Athens: Art or Graffiti?

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Pretty much everywhere you go in Athens it seems a graffiti artist got there first.  I actually quite like graffiti, although when I see a lot of it like this it makes me worry how safe a city is; if someone has been able to spray-paint a wall without getting noticed then presumably they wouldn’t be noticed snatching my bag either.

The difference is that the police in Athens don’t bother graffiti artists, or that’s what we were told anyway. So the prevalence of graffiti everywhere is no reflection on the safety of the city.  I went on an organized walk with a graffiti artist with the tag RTM, who took us around the Monastiraki area of Athens looking at the street art.

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But is it street art though, or is it graffiti? Well luckily we ran into graffiti-ist Senor, who was able to clear that up for us.  Apparently it is graffiti.  Street art is for the likes of Banksy and others, who view it as a commercial enterprise, and what we were looking at was most definitely graffiti, he told us.

He also alluded to the difference that graffiti artists spray their names or ‘tags’, following on the tradition started in New York in the 1970s.  Street art is murals, pictures and commissioned pieces.  Certainly, in my mind, street art implies a certain legality about it, whereas graffiti brings to mind images of teenagers furtively spraying their names on the wall whilst their mate keeps a look out for the police. 2014-10-22 09.28.08

Senor said he had been spray painting walls since the age of twelve and had left his mark in various locations around Europe.

Some of Senor's work

Some of Senor’s work

We also visited the graffiti shop in Melanthiou Street where many of the artists come to buy their supplies.

Stairs down to the shop

Stairs down to the shop

Inside 'the Graffiti shop' surrounded by the spray paints and markers.  I can't say I wasn't tempted to buy some and spraypaint my hotel room

Inside ‘the Graffiti shop’ surrounded by the spray paints and markers. I can’t say I wasn’t tempted to buy some and spraypaint my hotel room

Categories: Greece

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19 replies »

  1. I think the question of when street paintings are “art” and when they’re graffiti is an interesting one. For me the distinction is if there are more than one colors and if the “composition” is more complicated than a linear tag. If it’s just a name in one color: not art. It’s a complicated question though, since for the owner of the building (or utility box or whatever) ANY painting (even a Bansky) could be considered defacement of property. Thanks for the cool post!

    • well this guy was adamant that his work was graffiti because it consisted of names. I do think it has a lot to do with legality/illegality and graffiti implies illegality, but you’re right that when there is some degree of composition then we think it’s art. That’s why street art, whatever you call it, is interesting.
      Thanks for taking time to comment!

  2. Really enjoyed this piece- quite thought provoking. An interesting aspect of Greece. Thanks for sharing!
    ps – should have done your hotel room.

  3. You got some great pictures! We’re also recovering from TBEX – nice to have met so many like-minded others! Happy Travels.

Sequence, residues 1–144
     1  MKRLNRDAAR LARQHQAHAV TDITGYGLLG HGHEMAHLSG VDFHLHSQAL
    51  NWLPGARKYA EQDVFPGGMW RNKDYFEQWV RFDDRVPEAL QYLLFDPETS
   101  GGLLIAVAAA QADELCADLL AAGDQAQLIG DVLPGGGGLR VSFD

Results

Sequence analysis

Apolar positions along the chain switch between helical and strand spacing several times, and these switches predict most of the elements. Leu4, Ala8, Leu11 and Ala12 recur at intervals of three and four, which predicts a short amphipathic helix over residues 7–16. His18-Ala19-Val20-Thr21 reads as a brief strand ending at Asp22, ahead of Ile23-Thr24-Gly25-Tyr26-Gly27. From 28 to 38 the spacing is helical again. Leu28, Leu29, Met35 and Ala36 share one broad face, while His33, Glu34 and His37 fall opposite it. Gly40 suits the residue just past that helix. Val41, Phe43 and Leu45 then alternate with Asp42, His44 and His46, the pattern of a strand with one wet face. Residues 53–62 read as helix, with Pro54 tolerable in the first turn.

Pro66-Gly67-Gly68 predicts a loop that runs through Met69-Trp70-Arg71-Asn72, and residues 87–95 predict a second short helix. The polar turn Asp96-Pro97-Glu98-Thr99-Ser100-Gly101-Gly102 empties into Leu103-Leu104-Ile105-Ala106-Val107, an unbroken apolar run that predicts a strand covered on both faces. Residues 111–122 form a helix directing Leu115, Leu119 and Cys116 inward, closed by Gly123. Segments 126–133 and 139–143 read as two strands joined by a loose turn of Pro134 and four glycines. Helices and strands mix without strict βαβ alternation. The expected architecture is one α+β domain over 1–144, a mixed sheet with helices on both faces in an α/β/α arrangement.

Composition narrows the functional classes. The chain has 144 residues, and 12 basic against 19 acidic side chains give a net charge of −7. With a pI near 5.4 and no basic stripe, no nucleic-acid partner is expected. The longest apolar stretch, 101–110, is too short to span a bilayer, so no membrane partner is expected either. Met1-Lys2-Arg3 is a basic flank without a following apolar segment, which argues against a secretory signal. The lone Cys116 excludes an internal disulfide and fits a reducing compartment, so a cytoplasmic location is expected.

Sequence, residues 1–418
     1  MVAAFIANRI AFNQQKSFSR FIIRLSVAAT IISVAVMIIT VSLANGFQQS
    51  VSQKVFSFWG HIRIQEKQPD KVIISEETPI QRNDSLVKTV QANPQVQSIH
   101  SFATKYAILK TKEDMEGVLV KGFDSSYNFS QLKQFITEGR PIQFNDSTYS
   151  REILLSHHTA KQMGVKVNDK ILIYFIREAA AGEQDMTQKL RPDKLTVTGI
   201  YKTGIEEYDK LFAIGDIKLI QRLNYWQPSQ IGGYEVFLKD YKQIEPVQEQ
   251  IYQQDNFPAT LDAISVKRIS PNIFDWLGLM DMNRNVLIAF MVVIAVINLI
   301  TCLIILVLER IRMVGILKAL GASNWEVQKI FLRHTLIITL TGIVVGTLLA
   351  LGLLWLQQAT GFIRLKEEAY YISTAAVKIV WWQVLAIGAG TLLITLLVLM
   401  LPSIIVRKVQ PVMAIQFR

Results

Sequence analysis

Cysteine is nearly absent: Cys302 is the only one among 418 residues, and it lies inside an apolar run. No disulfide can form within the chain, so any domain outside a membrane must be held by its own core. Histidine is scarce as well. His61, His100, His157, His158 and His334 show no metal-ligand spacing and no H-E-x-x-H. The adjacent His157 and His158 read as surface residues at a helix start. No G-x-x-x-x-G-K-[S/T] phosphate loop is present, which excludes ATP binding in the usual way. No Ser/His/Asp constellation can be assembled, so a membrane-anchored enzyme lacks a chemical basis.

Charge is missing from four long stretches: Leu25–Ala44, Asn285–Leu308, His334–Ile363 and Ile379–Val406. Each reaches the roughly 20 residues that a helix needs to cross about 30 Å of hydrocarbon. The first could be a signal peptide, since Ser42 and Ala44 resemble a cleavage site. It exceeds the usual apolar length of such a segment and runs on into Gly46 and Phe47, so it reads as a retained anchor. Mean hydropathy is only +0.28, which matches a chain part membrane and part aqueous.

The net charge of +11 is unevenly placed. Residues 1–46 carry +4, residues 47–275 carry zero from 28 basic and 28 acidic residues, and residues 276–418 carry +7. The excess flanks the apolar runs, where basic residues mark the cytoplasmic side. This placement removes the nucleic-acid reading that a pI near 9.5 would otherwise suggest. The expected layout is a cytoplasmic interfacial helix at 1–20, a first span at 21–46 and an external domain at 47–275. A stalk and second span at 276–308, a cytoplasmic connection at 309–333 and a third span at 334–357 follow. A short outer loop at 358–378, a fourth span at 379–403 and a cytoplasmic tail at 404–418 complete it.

4. Graffiti caries a lot of preconception…but it also creates dialog and dialog is the key to knowledge and breaking down social boundaries…people fear the unknown…then they get mislead and their imaginations tainted…Athens looks like the inside of an artist studio and this is great for some an eyesore for others but this creates dialog and dialog creates democracy…this also creates a unique city just like every other european city some are clean some are artistic some are basking on the treasures of others…a little creativity with some spray paint isn’t harming nobody…as for the tag it is the basis of graffiti it is like knowing 1+1=2 for maths without it you not gonna get very far. I don’t think that because of graffiti someone will seal you bag in Greece but there is a possibility that someone will seal you bag because of poverty which has been created (see EU, IMF, past and present Greek governments) and that is real vandalism and far worse than inscribing you name on a wall or changing the colour of it…

    • Yes what I was trying to say was that the perception of a city with a lot of graffiti is that it is unsafe, because people think that if someone has been able to paint a wall without police attention then they could do anything. If I see somewhere with a lot of graffiti in a part of London it suggests that there is no CCTV or little police presence, so maybe it isn’t so safe to walk there at night.
      But that is London and Athens is a different case, and that’s something valuable that I learnt by taking this tour.
      I really enjoyed looking at all the different designs (whether graffiti or street art). I enjoy that it’s free and there for everyone to appreciate, rather than tucked away in a gallery somewhere.
      Thanks for your comments!.

  5. I like this post.

    There is saying that goes something like, “If it takes you longer than 5 minutes, it’s not graffiti.” I forgot who said that.

    Actually shops in Taiwan hire artists to paint on their walls. There is amazing street art in Taipei because of it. Mad talent.

    • haha, yes I like the sound of that.
      I really love Graffiti; I think it takes real dedication to paint something when you don’t know how long it’s going to stay there, maybe just a few days.

  6. I recently went to Athens and when I saw all the street art/graffiti I actually asked myself the question. Thanks for this interesting article!

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